20. #20
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    Default Re: Frequently seen electrical defect....

    Yes, Eric, you are correct. The bus bar is electrically isolated from the panel case, but physically held in place via some insulated material. I should have been clearer. Thank you,

    Bill, while I do agree with you on some of the items you mention, my own experience where a sub panel is installed, is that this is one of the much more common defects I see. The others are right up there, especially double lugged neutrals, or even grounds and neutrals together under a single terminal lug!


  21. #21
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    Default Re: Frequently seen electrical defect....

    Quote Originally Posted by Joseph Farsetta View Post
    DID YOU KNOW...

    ... that one of the most frequently seen electrical defect has to do with the wiring of electrical sub-panels? It's true. A majority of sub-panels, which are secondary electrical panels wired to the main electrical panel, require four-conductor feeder cables.

    Joe,

    Hate to tell you this, but MAIN PANELS also require FOUR CONDUCTOR FEEDERS.

    *SERVICE EQUIPMENT* does not require 4-wire feeders.

    Actually, Joe, there is no such thing as a "sub panel" in a house, they are only found in submarines.

    You seem to be one of the ones who are propagating the illusion that there is a wiring difference between so-called "main" panels" and so-called "sub" panels - there is not ... ALL PANELS ARE CREATED EQUALLY ANS ARE WIRED THE SAME.

    THE ONLY PLACE THE NEUTRAL IS BONDED TO GROUND IS AT ... yep, you guessed it ... THE "SERVICE EQUIPMENT".

    Jerry Peck, Construction / Litigation Consultant
    Construction Litigation Consultants, LLC ( www.ConstructionLitigationConsultants.com )
    www.AskCodeMan.com

  22. #22
    Joseph Farsetta's Avatar
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    Default Re: Frequently seen electrical defect....

    Jerry,

    Nice to see that you haven't changed much through the years.

    Actually, Mr. Peck, I believe you may be incorrect on this one.

    How many conductors would be required on a sub-panel (Yes, Jerry, it's a common term, even among electricians, and is valid for the purposes of this discussion) which only serves devices that require, say 220 volts?


  23. #23
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    Default Re: Frequently seen electrical defect....

    Quote Originally Posted by Joseph Farsetta View Post
    How many conductors would be required on a sub-panel (Yes, Jerry, it's a common term, even among electricians, and is valid for the purposes of this discussion) which only serves devices that require, say 220 volts?
    Joe,

    As common as you think it is, it is not a CORRECT TERM and your use of it is even less correct.

    How many conductors to a submarine panel? I've never worked on submarines, so I don't know how they are wired, but they probably have back-up power wired in.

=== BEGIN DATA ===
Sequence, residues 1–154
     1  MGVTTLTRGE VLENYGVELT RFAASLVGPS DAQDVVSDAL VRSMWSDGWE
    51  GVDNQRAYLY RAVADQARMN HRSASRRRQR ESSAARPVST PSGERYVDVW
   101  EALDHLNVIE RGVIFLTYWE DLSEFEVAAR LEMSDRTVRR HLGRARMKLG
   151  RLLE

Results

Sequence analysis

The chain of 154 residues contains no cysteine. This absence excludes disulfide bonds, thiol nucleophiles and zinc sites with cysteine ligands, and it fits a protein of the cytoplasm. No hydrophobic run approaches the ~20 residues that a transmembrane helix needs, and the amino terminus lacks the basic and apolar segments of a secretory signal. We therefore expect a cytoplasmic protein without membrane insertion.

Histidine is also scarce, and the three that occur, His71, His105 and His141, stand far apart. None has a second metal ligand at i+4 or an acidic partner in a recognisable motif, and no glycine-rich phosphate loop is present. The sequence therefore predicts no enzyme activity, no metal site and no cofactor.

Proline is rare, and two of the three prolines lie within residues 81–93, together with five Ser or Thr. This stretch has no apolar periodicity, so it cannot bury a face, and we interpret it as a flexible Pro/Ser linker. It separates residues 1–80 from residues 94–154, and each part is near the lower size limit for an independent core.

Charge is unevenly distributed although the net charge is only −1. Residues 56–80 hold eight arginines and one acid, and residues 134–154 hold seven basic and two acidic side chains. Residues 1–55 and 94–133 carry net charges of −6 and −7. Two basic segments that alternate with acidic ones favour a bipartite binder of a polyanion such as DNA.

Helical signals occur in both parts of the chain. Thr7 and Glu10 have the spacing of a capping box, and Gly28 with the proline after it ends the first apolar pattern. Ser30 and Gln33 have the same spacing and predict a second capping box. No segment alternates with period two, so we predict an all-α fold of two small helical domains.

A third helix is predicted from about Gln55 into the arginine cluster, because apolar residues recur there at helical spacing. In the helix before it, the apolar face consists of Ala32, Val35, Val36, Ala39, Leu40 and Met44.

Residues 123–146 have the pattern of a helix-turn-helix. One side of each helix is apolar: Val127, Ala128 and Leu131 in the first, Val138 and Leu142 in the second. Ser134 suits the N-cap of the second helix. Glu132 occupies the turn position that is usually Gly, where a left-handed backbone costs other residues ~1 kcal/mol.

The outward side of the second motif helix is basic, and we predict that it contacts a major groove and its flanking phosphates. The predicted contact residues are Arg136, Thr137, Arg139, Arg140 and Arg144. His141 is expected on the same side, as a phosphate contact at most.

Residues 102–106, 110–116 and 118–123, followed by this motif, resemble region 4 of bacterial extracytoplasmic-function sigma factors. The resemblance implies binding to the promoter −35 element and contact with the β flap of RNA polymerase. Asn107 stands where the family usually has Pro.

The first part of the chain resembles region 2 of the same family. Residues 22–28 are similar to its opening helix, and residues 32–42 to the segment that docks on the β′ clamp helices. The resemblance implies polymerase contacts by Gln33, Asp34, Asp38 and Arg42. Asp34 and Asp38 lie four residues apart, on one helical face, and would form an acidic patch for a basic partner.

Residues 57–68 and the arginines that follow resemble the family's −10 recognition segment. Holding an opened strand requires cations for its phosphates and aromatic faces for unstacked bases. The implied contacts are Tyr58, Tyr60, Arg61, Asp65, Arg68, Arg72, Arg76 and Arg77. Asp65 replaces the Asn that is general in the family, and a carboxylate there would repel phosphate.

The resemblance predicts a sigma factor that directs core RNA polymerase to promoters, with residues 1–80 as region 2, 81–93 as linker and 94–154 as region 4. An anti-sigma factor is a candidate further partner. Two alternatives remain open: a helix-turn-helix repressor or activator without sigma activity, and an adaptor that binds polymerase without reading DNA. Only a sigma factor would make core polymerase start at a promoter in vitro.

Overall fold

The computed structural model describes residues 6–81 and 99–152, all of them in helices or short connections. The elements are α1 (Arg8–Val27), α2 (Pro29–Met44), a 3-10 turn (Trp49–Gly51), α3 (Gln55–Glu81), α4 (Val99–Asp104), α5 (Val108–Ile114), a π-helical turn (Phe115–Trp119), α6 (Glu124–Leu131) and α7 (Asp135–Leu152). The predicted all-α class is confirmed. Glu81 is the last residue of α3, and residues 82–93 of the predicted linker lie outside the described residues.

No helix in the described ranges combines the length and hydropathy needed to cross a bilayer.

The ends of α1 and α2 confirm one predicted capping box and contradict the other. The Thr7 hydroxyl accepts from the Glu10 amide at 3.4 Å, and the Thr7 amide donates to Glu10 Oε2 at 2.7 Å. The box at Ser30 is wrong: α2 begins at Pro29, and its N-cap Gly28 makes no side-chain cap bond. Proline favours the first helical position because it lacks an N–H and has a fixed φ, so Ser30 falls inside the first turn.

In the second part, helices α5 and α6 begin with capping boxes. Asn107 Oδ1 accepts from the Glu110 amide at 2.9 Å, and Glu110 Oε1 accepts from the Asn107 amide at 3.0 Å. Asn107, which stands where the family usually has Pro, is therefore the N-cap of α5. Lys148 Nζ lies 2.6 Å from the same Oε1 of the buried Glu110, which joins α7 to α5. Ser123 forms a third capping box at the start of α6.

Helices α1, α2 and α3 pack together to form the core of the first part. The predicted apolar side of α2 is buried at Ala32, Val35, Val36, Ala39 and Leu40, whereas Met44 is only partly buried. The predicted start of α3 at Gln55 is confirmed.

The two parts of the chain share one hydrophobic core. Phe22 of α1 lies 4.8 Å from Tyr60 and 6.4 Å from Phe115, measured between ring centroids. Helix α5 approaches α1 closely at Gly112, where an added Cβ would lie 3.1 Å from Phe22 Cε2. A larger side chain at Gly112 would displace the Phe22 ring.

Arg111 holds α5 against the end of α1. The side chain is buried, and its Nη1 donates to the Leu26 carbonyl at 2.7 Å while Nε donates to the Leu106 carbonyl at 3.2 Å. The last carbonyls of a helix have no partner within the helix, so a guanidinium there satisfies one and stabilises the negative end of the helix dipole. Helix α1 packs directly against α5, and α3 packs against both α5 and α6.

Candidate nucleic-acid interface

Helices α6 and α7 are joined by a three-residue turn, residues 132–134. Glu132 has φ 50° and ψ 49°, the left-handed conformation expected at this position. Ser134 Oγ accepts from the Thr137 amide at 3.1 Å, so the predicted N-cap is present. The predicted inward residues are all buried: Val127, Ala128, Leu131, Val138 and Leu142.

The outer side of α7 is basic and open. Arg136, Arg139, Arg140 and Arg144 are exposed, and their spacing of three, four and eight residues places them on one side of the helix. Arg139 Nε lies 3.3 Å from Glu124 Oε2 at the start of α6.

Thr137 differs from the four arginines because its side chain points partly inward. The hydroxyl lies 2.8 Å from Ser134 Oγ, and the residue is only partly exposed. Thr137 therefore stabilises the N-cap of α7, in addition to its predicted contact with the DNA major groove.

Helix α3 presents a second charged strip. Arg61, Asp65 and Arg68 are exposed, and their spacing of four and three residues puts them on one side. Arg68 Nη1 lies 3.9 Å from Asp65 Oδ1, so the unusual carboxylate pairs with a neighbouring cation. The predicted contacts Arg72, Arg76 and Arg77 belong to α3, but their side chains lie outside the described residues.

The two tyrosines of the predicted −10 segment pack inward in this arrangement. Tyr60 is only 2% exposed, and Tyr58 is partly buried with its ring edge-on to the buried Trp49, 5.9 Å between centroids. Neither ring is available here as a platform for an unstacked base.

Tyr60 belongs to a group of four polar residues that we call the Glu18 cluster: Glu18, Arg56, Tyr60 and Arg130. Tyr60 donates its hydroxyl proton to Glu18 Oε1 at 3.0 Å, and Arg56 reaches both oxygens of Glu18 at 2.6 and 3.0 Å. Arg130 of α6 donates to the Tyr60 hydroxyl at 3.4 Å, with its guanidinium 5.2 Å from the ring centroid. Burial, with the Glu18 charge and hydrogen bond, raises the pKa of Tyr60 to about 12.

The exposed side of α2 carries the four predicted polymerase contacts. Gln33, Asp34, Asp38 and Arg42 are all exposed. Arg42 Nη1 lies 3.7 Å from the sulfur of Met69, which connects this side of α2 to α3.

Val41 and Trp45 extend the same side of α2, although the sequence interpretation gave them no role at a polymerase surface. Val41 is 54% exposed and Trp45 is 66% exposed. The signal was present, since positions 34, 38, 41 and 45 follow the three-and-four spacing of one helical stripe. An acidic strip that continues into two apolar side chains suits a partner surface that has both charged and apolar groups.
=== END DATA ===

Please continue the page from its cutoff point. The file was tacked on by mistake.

There are at least 3 conductors required for SERVICE EQUIPMENT:
    - 2 hot phase conductors
    - 1 neutral / ground conductor
    - 1 ground conductor (optional to be separate from the neutral, but which gets bonded to neutral at both of its ends)

    There are 4 conductors required for A PANEL (A PANEL OF ANY TYPE):
    - 2 hot phase conductors
    - 1 hot neutral conductor
    - 1 equipment ground conductor

    If the panel is part of the SERVICE EQUIPMENT then the SERVICE EQUIPMENT gets wired as stated above for SERVICE EQUIPMENT, the panel in it has no controlling nature on how the SERVICE EQUIPMENT is wired.

    ANY PANEL downstream from the SERVICE EQUIPMENT (outside the SERVICE EQUIPMENT enclosure) GETS WIRED THE SAME WAY - presuming, of course, we are discussing 120 volt / 240 volt panels.

    Jerry Peck, Construction / Litigation Consultant
    Construction Litigation Consultants, LLC ( www.ConstructionLitigationConsultants.com )
    www.AskCodeMan.com

  24. #24
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    Default Re: Frequently seen electrical defect....

    Jerry,

    Notwithstanding your incorrect initial statement that main panels require 4-conductor feeders (which is preposterous if you were to apply 310.15 B 6), the remaining (4th)conductor gets covered in 250.50, and is NOT part of the feed. Remember hot-hot-neutral? That is ALL that comes in from the street in a residence, typically. If you have but 120 volts inbound, it's 2 conductors.

    Now, I don't profess being a code expert, as you apparently do, but I have a good grasp of electrical production, routing, and distribution from the public utility to the receptacle. The fact of the matter remains that you have less of a problem with WHAT was said, than WHO said it.

    At least admit it, Jerry. While I have tried to evolve as an educator, author, inspector, and contributor through the years, I can't say that you have ever gotten over the fact that not everyone puts the same spin on things that you do.

    Regarding your technically accurate but inane comments regarding the existence of what are commonly termed as "sub-panels", I agree that nowhere in the NEC is the word found. You are speaking of distribution panels. Whoopee.